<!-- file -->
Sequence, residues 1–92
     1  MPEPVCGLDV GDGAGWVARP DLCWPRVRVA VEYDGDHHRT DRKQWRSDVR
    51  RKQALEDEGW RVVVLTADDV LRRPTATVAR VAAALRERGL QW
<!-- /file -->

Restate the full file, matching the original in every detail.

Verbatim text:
Sequence, residues 1–92
     1  MPEPVCGLDV GDGAGWVARP DLCWPRVRVA VEYDGDHHRT DRKQWRSDVR
    51  RKQALEDEGW RVVVLTADDV LRRPTATVAR VAAALRERGL QW